How women are helping to fight cybercrime

Today is International Women’s Day. And, in celebration of just some of the women working to fight cybercrime, we asked a number of professionals at Sophos about their roles in cybersecurity and what this day means to them.

1. A new problem to solve

Software Engineer, Daphne Allamenou

I work on the Virtualisation team which is responsible for the development and testing of our Sophos for Virtual Environments product. While that may sound like a repetitive cycle, each piece of work is a new problem to solve which challenges me in different ways. The love for my job comes from the satisfaction I get when I overcome these tasks, particularly the more difficult ones.

International Women’s Day for me is about recognising the merits of women, past and present, and emphasising them as role models for younger and future generations. With this exposure, young girls may be inspired enough to venture down paths they would perhaps not have considered.

This day may not be enough to solve the gender balance problem we are facing in the tech sector but I think celebrating and highlighting the strength and ability of women in all areas is a step in the right direction for forging a better world where gender does not define your place or treatment in the world.

2. Technical decisions and strategies

Senior Development Manager, Chloe Acebes

I run a team of 13 software developers and quality assurance engineers to deliver security software for Windows Servers. There are three main aspects to my job: making technical decisions and strategising about the products that the team owns, developing the people in the team, and managing the team projects. Each one of these is challenging and rewarding in its own way, and finding a balance between the three can be particularly difficult – there is no point ensuring we deliver a new project on time if the new feature doesn’t work as expected and the team are unhappy!

I joined Sophos directly from university and decided that a career in cybersecurity was for me when I interviewed for a graduate engineer role. The overriding message I took from that day was how working in cybersecurity allows you to help people. That feeling hasn’t changed in the 16 years I’ve been working at Sophos. I still get a great sense of satisfaction from doing a job that gives me interesting technical challenges whilst delivering software that genuinely benefits people.

For me, International Women’s Day is a great opportunity to try to encourage more females into STEM career paths. I am definitely in the minority in terms of male/female balance in the Engineering team, and in cybersecurity, or even software development, in general. However, this is a great industry to get into – there are loads of opportunities for anyone who likes solving problems. Gone are the days of coders sitting in a corner bashing away at their keyboards and speaking to no one. Being a software engineer nowadays requires a good analytical mind, plenty of collaboration and a thirst to continually learn new things.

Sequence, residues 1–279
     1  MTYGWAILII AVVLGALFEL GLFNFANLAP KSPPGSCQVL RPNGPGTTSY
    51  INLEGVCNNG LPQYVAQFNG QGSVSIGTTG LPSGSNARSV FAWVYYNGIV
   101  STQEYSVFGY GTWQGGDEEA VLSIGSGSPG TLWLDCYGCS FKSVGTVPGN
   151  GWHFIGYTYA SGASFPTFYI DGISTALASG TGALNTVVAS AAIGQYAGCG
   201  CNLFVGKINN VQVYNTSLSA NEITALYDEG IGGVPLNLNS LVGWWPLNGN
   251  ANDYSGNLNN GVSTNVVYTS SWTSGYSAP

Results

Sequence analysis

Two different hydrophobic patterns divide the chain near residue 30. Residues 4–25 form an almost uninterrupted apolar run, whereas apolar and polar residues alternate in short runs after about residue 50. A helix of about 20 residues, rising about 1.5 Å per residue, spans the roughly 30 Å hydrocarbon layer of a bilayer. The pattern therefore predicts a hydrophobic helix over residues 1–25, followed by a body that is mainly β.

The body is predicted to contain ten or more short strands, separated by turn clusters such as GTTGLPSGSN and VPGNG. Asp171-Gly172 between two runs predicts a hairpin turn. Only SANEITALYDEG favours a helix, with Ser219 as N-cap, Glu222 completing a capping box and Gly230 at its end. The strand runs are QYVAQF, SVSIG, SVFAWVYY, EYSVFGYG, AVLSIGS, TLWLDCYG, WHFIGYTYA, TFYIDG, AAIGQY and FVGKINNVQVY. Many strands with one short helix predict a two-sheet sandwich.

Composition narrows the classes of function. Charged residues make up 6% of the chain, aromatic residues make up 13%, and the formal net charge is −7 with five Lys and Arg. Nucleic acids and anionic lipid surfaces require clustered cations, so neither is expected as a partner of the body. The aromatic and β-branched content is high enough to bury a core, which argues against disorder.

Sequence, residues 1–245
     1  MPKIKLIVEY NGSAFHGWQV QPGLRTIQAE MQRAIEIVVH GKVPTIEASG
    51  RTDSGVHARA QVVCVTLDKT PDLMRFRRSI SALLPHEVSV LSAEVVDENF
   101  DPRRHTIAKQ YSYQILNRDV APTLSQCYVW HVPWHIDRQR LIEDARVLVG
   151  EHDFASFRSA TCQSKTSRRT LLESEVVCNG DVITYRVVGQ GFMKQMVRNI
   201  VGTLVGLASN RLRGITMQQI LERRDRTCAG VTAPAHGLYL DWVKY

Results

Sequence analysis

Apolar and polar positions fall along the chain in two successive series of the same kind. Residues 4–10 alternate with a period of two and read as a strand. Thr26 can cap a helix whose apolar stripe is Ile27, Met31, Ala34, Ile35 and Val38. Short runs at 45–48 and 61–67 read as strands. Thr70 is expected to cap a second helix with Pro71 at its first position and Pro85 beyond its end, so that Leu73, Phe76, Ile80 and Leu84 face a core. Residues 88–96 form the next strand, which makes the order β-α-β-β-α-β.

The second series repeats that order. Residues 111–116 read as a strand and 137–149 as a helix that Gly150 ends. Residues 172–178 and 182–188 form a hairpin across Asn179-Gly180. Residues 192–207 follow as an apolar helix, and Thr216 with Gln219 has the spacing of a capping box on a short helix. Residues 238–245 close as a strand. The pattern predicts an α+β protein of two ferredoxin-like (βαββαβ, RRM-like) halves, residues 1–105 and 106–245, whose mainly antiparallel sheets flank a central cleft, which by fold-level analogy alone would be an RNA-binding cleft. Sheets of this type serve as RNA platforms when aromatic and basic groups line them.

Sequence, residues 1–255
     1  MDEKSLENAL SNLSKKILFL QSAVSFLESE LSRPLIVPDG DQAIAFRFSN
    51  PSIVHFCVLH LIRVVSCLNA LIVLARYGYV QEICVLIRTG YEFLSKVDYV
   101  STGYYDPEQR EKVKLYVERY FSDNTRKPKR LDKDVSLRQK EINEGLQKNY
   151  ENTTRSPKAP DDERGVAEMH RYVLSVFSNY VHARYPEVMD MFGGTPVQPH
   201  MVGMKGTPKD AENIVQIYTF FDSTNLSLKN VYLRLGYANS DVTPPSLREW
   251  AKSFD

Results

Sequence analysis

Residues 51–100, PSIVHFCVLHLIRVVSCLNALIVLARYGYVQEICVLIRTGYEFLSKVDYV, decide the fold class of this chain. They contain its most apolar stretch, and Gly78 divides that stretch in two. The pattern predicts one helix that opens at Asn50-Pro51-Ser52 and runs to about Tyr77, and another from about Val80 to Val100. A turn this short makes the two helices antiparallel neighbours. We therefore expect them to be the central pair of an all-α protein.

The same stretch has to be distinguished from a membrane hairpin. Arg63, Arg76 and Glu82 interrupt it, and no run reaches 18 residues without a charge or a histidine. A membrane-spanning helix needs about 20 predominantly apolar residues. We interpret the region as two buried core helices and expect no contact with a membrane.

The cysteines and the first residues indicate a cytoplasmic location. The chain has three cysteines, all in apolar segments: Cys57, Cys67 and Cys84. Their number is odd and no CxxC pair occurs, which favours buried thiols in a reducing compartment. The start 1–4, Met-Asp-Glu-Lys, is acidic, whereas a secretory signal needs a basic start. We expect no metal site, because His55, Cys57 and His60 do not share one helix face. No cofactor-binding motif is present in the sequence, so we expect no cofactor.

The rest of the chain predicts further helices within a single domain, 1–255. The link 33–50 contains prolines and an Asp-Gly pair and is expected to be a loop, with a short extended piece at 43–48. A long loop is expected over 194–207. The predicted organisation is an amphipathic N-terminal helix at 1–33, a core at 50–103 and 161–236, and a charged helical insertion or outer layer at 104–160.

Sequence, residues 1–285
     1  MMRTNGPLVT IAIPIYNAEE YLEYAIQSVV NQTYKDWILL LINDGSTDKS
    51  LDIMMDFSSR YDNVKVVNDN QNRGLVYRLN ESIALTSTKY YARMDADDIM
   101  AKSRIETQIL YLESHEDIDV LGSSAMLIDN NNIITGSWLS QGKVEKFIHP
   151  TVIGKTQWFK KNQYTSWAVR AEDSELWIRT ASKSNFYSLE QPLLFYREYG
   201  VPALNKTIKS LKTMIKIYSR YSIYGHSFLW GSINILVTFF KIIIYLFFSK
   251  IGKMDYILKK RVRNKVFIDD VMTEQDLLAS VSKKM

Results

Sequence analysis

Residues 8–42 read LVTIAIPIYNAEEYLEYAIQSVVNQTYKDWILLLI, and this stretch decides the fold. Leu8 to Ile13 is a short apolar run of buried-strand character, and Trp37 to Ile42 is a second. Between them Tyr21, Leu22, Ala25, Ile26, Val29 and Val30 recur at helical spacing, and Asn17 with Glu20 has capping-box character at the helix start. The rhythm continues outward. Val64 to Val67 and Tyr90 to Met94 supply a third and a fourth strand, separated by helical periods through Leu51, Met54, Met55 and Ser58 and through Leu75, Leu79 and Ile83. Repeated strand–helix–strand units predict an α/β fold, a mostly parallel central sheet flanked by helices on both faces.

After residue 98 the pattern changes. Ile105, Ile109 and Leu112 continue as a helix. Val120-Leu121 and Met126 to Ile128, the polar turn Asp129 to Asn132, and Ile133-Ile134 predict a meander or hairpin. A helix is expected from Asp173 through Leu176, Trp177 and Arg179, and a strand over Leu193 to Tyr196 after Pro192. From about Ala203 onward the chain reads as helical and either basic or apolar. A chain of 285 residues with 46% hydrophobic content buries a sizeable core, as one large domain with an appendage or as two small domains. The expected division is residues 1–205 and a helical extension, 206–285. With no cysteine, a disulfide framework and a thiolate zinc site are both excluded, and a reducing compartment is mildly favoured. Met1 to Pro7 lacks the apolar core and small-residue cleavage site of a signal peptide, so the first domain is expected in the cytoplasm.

3. Ensuring quality

Senior QA Engineer, Manimala Rajeti

I am a senior quality assurance engineer in SophosLabs. This means I have to make sure the quality of VirusData (IDE’s) does not break any product’s scan functionality. I am also a technical lead in the QA team, so I’m there to support my team when they need any technical help.

Working in Labs is very challenging but it gives me lot of opportunities to work on various things, which I love. And, being in this environment allows me to constantly learn and develop my skills and interests.

It’s funny, I never made the decision that I wanted a career in cybersecurity but somewhere along the line I realised how much I enjoy it, because my contribution to the work helps people stay protected against cybercrimes. It gives me lot of satisfaction when I see that a piece of malware has been identified by the data we provide through Sophos products.

I actually don’t believe that the software industry is male dominated, there are plenty of women contributing to the work. For me, International Women’s Day means that everybody should celebrate and recognize women for their contribution everywhere – at work, in the family and in society. Women are not weak, either physically or mentally, but we are often treated as if we were. It would be great to live in a world where women are seen and treated as equal in every sector.

4. Bringing a system to life

Senior Software Engineer, Lily Conlan

International Women’s Day is an opportunity to highlight that women are more than just homemakers and the producers of the next generations – we can choose to have a career as well. It’s also a chance to highlight that the tech industry isn’t just “boys with toys” and that women can play a big part too.

At Sophos I am a Systems Engineer which means that my job is to architect and implement tools, processes and systems. On a day to day basis that translates into getting requirements, designing a system or tool that will do those things and then implementing it. My favourite part is bringing a system to life and seeing it deliver what’s expected. I get excited about seeing code I’ve written doing the job it’s supposed to do.

But how did I get here? My interest in computers started from the age of 5, so when I got the opportunity in university to take the computing stream during my degree I jumped at the chance. This led me to get the job doing what I do now.

I have to admit that cybersecurity wasn’t something that I was aware of until I joined Sophos, but having worked in SophosLabs for some of my time here, I understand the importance of it and the relevance it has in today’s world. It’s an exciting time to work in this industry and to be part of the “good guys” trying to combat cybercrime.